Engineering the imagination – Collaborative project receives APEX award
Dr Raymond Holt is collaborating on an award-winning project that explores the relationship between Engineering and Medical Humanities through the design of a prosthetic hand to convey empathy.
Working alongside Professor Stuart Murray, School of English – having been awarded a prestigious APEX award – Dr Holt, School of Mechanical Engineering, is conducting research that challenges thinking about disability and design, in a project entitled Engineering the Imagination. APEX awards are jointly awarded by the British Academy, the Royal Academy of Engineering, and the Royal Society with support from The Leverhulme Trust as part of a cross-institution scheme.
Working with students, prostheses users and academic collaborators, the project examines the existing process for designing prosthetics with the aim of working towards better provision of assistive technologies for those with disabilities.
By thinking of issues such as colour, texture and shape, and by always stressing the constructed nature of prosthetics, the researchers will design and make a prosthetic hand that is not overtly functional but instead accentuates empathy and the expression of emotion.
Professor Murray said of the project: "The APEX award offers a fantastic opportunity to pursue curiosity-driven and open cross-disciplinary research.
We hope that Engineering the Imagination can challenge the boundaries of engineering prosthesis design, and that our final constructed hand will shed new light on understanding the relationship between disability and assistive technologies, as well as the way emotions are communicated."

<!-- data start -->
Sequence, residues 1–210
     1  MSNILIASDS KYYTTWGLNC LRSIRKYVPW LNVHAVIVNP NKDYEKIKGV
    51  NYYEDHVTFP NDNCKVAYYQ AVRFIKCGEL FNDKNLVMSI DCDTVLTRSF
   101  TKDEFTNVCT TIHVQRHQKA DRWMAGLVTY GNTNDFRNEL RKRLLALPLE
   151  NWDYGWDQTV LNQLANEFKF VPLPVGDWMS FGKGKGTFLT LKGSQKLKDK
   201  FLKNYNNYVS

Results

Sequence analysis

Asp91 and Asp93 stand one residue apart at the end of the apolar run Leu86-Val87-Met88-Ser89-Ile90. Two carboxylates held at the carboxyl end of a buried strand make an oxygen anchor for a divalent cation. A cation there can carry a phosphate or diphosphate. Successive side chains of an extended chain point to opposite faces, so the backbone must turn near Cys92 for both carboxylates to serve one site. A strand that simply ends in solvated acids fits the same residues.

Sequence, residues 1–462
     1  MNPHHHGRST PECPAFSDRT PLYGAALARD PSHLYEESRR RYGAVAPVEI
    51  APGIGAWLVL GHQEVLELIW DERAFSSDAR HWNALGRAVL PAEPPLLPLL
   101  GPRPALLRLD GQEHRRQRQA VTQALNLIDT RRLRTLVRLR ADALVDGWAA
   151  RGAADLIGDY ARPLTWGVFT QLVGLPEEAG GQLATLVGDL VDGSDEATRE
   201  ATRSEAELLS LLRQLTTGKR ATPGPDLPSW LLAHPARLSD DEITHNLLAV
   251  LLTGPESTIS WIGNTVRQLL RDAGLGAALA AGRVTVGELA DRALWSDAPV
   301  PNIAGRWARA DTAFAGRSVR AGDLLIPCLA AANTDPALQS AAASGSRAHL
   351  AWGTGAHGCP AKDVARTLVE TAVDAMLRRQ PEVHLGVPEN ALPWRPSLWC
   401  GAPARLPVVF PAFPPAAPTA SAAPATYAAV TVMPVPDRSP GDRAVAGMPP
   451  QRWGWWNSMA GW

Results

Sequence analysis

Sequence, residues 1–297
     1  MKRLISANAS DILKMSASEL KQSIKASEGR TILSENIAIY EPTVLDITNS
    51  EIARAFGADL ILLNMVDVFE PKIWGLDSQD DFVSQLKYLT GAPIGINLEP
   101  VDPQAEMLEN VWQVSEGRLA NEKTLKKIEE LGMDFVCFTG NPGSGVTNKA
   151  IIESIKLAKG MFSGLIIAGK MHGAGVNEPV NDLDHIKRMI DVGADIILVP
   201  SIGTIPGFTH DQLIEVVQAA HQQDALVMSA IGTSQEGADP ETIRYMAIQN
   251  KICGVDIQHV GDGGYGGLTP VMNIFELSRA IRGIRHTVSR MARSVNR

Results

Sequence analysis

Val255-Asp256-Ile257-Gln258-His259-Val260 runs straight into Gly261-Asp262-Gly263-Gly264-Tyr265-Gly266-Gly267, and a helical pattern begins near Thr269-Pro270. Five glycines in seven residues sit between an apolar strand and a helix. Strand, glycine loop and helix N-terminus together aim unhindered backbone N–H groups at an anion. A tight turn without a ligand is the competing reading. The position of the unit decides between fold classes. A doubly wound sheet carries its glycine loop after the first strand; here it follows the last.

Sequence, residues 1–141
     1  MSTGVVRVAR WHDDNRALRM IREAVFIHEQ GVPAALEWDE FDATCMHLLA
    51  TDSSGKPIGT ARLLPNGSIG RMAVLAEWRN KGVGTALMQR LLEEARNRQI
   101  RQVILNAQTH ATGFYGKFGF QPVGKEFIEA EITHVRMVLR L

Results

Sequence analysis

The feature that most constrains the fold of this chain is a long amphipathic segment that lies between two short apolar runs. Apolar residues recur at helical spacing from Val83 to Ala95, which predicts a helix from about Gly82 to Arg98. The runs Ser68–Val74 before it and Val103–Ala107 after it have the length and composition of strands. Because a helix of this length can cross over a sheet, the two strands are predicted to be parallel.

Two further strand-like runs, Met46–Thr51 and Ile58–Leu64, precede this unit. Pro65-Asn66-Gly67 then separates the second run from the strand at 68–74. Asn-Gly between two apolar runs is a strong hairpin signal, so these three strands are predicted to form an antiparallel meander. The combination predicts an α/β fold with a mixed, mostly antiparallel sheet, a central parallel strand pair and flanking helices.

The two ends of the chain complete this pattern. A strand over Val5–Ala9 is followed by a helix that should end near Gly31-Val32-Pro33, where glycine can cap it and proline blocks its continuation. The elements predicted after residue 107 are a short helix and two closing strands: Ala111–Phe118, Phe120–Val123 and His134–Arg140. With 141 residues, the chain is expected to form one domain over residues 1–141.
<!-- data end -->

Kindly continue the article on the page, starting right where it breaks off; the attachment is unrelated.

Engineering the Imagination... will shed new light on understanding the relationship between disability and assistive technologies...
Engineering the Imagination
Hands are one of the most frequently used parts of the human body, but they are also one of the most expressive. They are by turns both functional and performative, and as such we think of them in terms of both utility and symbolism.
We call the first finger 'trigger' or 'index' (meaning 'pointing') and name the fourth finger for the ring it often wears. But we also speak of being high-handed, empty-handed, short-handed, heavy-handed, and even-handed, to name but a few.
Prosthetic hands, by contrast, tend to be thought of on a purely functional level – Engineering the Imagination challenges the following questions: how practical are prosthetic hands to use? How well do they accomplish what the absent limb cannot?
About the project
The project has received one of only six of the newly launched APEX awards, which support unconventional interdisciplinary research that will be of benefit to wider society. The awards are jointly granted by the British Academy, the Royal Academy of Engineering, and the Royal Society, with support from the Leverhulme Trust.
Dr Raymond Holt
Dr Holt’s research is principally concerned with the mechanics of prehension: the ability to grasp and manipulate objects around us. Almost every daily activity relies on a degree of dexterity and manual capability, from feeding and dressing oneself to writing and interacting with technology. When this is impaired (whether due to injury or illness), the consequences are severe.
His research therefore looks at two solutions to this: reducing the demands placed on our prehensile abilities through better design; and improving prehensile capabilties through training - whether to recover function after a stroke or spinal injury, for example, or to improve capabilities in children, surgeons or technicians who must master fine manipulation.
For more information about Dr Holt, view his research profile.
To learn more about medical robotics at Leeds, read about our on-campus £4.3m EPSRC National Facility for Innovative Robotics.
University of Leeds - Disability and design research project wins APEX award